Canada — As cooler weather, rain and successful fire fighting ease the forest fire danger in northern Manitoba, the province’s conservation department is now keeping a close watch on the eastern and central parts of Manitoba.
Fires burning in the far north forced the partial evacuation of four communities in northern Manitoba last week, as hot temperatures and lightning strikes combined to light up the dry forest.
All the residents have now been allowed to return home, with the last group of evacuees landing in Tadoule Lake about 2 p.m. today.
Tom Mirus, of Manitoba Conservation’s fire program, said the situation up north has now calmed down and efforts are shifting to the central region around The Pas and Grand Rapids, as well as eastern Manitoba.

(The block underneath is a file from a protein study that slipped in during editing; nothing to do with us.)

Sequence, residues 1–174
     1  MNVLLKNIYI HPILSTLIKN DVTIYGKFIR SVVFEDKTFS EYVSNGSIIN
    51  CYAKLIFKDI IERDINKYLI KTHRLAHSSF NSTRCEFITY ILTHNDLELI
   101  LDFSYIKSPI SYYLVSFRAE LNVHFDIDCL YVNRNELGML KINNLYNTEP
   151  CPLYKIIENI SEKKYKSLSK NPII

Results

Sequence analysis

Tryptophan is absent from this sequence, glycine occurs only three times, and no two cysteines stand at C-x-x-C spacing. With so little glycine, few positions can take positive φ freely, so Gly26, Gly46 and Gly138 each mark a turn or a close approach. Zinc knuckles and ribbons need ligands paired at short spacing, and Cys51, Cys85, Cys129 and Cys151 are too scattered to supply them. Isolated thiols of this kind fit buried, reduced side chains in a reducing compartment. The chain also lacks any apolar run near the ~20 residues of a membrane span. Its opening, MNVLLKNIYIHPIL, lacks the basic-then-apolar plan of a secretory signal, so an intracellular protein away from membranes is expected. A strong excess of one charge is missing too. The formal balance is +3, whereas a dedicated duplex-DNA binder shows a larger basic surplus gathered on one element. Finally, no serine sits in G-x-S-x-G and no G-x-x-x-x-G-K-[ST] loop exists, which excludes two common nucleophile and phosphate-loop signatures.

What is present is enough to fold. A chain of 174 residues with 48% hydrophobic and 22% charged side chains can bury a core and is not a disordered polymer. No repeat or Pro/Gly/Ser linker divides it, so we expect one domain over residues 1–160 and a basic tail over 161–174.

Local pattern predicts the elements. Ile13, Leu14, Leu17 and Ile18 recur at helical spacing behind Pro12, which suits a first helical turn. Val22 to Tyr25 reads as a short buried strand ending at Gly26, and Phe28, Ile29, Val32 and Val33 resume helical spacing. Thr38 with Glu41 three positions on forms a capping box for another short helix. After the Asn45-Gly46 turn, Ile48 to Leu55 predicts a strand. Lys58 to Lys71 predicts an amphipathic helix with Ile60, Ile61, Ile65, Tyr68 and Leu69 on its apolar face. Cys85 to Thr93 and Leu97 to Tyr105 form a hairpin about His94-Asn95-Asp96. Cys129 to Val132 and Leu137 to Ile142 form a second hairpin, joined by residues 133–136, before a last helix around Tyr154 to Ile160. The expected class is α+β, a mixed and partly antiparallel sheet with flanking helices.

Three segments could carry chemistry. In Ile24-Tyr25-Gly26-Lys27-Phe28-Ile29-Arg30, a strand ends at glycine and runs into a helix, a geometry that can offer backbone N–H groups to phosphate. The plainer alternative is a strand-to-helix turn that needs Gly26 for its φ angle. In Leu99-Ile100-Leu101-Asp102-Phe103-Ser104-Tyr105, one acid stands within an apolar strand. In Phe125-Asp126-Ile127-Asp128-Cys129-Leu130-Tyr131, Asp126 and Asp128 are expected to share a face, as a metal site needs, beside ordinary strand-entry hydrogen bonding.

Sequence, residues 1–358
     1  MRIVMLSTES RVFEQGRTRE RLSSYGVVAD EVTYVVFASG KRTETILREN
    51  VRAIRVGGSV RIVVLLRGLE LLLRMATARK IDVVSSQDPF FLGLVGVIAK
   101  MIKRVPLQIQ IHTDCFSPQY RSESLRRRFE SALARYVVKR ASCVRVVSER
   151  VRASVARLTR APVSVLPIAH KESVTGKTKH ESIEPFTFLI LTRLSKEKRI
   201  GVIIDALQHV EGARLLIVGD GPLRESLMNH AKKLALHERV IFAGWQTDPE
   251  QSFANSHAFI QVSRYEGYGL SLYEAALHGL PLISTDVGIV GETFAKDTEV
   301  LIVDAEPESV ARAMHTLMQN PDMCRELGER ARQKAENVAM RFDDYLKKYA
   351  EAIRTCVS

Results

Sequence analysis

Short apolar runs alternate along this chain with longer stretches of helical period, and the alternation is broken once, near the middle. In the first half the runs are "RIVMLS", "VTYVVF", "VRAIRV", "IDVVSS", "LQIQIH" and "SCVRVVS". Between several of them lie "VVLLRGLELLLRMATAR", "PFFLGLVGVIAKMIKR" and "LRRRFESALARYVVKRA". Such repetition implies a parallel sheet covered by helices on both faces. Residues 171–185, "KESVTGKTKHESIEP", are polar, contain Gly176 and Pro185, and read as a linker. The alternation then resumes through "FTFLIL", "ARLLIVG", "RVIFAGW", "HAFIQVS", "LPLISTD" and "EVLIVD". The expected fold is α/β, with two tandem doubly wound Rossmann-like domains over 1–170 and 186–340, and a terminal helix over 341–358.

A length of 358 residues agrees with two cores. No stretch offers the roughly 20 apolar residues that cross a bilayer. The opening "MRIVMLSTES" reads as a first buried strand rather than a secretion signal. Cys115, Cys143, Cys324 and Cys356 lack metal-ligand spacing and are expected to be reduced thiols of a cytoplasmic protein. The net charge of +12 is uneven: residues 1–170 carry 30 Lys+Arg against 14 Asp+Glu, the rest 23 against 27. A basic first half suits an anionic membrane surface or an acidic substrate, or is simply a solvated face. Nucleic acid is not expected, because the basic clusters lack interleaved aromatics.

The most threatening fire is burning near Baril Lake, on the southern edge of a large wood supply area located about 80 km north of Grand Rapids. More than 200 firefighters are successfully holding that fire at bay, while trying to preserve valuable lumber for the Tolko mill in The Pas.
No communities are currently threatened by fire.
Mirus is also concerned about eastern Manitoba, where weather and forest conditions are similar to what the north experienced last week.
A few new fires sparked there yesterday, including a two-hecatre one between Falcon and West Hawk Lakes in Whiteshell Provincial Park.
“When it popped up it was burning with thick black smoke and it was burning intensely,” said Mirus, who noted fire crews from Manitoba and Ontario, as well as cottagers, spotted it quickly enough that it was rapidly contained. Other fires in eastern Manitoba sparked up near Lac du Bonnet and Berens River.
Mirus said the province is “crossing its fingers” hoping today’s high winds don’t stir up smouldering bits ignited by recent lightning strikes in the east.